SU community reacts to Virginia Tech massacre


SU community reacts to Virginia Tech massacre


By: Melissa Daniels
Posted: 4/17/07
The doors to Hendricks Chapel remained open on Monday, with a candle lit at the end of an aisle. Chaplains were available throughout the day, willing to talk to anyone who wished to enter.

The Virginia Tech shooting on Monday caused widespread raw emotion throughout the country, and Syracuse University was not exempt.

"Everybody's hearts are going out to Virginia Tech today," said Dean of Hendricks Chapel Thomas Wolfe. "This is a monumental disaster, a tragedy that has befallen them."

An unidentified gunman opened fire in a Virginia Tech dorm in the morning, beginning the deadliest shooting rampage in U.S. history. By the end of the day, the death toll reached 33, including the death of the gunman himself.

Sources had varying reports throughout the day about whether the gunman committed suicide or if he was killed by police. A two-hour gap between shootings raised the possibility of more than one shooter.

Wolfe is also co-chair of the Critical Incident Management Team. The group touched base this morning after hearing about the shootings. The team, which focuses on human response in tragic events, encouraged contacting the counseling center and reflecting in Hendricks for students who may have been affected emotionally by the shooting.

"When something like this happens," he said, "the whole university community feels it."

Chancellor Nancy Cantor sent a letter to the president of Virginia Tech, extending Syracuse University's sympathies. Wolfe described the letter as "a very genuine gesture."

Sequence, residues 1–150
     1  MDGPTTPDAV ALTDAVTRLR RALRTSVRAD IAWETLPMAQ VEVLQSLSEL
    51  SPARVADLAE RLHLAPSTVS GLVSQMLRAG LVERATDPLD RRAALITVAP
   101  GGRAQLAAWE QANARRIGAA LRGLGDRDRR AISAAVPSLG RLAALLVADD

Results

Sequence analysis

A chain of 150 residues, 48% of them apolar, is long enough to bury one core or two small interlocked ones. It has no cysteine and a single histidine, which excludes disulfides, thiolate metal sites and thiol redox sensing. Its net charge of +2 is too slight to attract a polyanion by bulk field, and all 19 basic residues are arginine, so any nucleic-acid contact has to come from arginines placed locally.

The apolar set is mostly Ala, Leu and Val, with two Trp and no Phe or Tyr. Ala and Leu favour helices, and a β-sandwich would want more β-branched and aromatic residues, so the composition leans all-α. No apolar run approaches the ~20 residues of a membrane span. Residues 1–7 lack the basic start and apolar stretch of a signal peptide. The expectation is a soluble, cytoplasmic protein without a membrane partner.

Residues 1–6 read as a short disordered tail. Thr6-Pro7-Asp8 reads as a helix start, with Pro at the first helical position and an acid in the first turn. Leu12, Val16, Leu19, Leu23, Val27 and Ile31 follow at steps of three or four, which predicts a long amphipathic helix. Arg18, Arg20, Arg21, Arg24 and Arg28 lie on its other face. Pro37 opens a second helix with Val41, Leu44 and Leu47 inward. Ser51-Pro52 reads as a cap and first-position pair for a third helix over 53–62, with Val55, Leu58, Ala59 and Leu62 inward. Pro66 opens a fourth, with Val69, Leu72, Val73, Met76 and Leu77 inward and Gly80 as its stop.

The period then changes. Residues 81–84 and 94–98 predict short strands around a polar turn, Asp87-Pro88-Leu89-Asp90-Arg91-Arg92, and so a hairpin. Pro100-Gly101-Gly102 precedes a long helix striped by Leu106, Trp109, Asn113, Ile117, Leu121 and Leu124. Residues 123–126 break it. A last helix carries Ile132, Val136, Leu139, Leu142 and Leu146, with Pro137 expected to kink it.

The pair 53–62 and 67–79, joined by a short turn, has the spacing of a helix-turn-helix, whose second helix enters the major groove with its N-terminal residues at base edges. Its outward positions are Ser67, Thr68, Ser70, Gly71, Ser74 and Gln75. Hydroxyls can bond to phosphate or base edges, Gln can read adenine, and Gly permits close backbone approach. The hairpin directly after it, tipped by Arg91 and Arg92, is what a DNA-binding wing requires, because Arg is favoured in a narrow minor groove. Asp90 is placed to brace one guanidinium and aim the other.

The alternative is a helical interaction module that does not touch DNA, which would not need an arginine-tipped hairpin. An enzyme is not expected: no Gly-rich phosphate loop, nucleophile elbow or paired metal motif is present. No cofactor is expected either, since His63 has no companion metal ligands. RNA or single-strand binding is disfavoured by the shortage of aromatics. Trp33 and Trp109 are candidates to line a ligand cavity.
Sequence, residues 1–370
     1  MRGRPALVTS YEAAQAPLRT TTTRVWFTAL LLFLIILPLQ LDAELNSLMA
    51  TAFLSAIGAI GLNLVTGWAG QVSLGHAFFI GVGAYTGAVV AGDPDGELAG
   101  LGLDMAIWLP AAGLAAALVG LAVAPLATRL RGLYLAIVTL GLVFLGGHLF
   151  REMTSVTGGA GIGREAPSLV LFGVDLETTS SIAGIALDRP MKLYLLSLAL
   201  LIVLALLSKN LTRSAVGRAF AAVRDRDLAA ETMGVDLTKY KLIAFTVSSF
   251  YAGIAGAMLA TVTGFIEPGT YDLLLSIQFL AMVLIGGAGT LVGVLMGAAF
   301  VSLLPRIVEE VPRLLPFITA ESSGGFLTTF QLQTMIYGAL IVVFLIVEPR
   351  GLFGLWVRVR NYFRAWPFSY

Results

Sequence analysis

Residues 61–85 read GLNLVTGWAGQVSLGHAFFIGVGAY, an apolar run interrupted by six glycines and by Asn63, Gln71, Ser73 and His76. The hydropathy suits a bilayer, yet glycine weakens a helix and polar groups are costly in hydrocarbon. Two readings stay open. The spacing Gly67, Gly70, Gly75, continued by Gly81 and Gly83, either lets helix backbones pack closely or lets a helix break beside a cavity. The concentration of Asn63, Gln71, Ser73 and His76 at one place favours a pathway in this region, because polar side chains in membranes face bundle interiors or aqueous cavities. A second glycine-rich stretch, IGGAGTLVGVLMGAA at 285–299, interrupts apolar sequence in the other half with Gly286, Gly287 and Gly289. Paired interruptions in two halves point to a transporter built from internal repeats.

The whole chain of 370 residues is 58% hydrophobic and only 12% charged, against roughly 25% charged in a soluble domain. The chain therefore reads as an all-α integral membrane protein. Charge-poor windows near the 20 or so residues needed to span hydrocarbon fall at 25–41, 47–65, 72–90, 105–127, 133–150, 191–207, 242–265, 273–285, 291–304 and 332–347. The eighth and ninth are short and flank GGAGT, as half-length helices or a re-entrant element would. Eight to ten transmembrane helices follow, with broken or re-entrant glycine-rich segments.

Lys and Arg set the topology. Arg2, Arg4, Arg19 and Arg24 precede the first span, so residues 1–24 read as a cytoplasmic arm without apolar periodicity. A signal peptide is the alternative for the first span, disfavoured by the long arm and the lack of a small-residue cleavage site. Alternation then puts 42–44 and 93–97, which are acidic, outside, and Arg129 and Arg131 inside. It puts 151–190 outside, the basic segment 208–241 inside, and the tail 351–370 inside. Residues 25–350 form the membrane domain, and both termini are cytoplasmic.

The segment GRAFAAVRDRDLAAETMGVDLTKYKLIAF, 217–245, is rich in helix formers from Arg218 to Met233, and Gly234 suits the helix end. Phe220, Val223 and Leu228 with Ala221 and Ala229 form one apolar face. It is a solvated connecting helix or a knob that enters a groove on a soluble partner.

"The higher education world is a very connected world," he said.

Interim Chief of Public Safety Tony Callisto said SU is prepared for unexpected violent incidents like Monday's events at Virginia Tech as best as it can be.

"Every incident results in learning for the next time," he said.

Public Safety officers are trained in active shooting scenarios in case they would ever need to go after an armed suspect, Callisto said. They are also all trained as peace officers, meaning they are armed.

Active shooting scenario training was created a year after the 1999 school shooting at Columbine High School in Littleton, Colo., which resulted in 15 fatalities.

"Officers are very proactive," Callisto said. "There are eight to 10 officers that patrol Syracuse University grounds 24 hours a day."

SU has close ties with the Syracuse Police Department, he said.

"Response is relatively immediate," said Callisto about reaction in a crisis situation.

Public Safety also has in-service training with the Office of Residence Life in the case of an assailant entering a dorm. On-duty resident advisers and residential security aides (RSAs) are instructed to call Public Safety if they see anything suspicious.

RSAs have hand-held radios that are connected to Public Safety and Syracuse police lines.

"Prevention is the best tool," Callisto said. "If you see something that's unusual, call us. If you see something that doesn't look right, call us. If something looks suspicious in any way, call us."

Student response to the event is widespread. The constant television news coverage and Internet postings let the word spread about the event as updates came in.

Anna Hadingham, president of the Student Peace Action Network at SU, expressed her concern about the recent violence.

"It worries me that a student would have a reason or feel a need to unleash that," she said. "We are looking and exposing ourselves to chaos and carnage."


Original Source:<a href=>The Daily Orange - April 17, 2007</a>


Melissa Daniels


The Daily Orange




Sara Hood


Peter Waack <>




Melissa Daniels, “SU community reacts to Virginia Tech massacre,” The April 16 Archive, accessed March 2, 2024,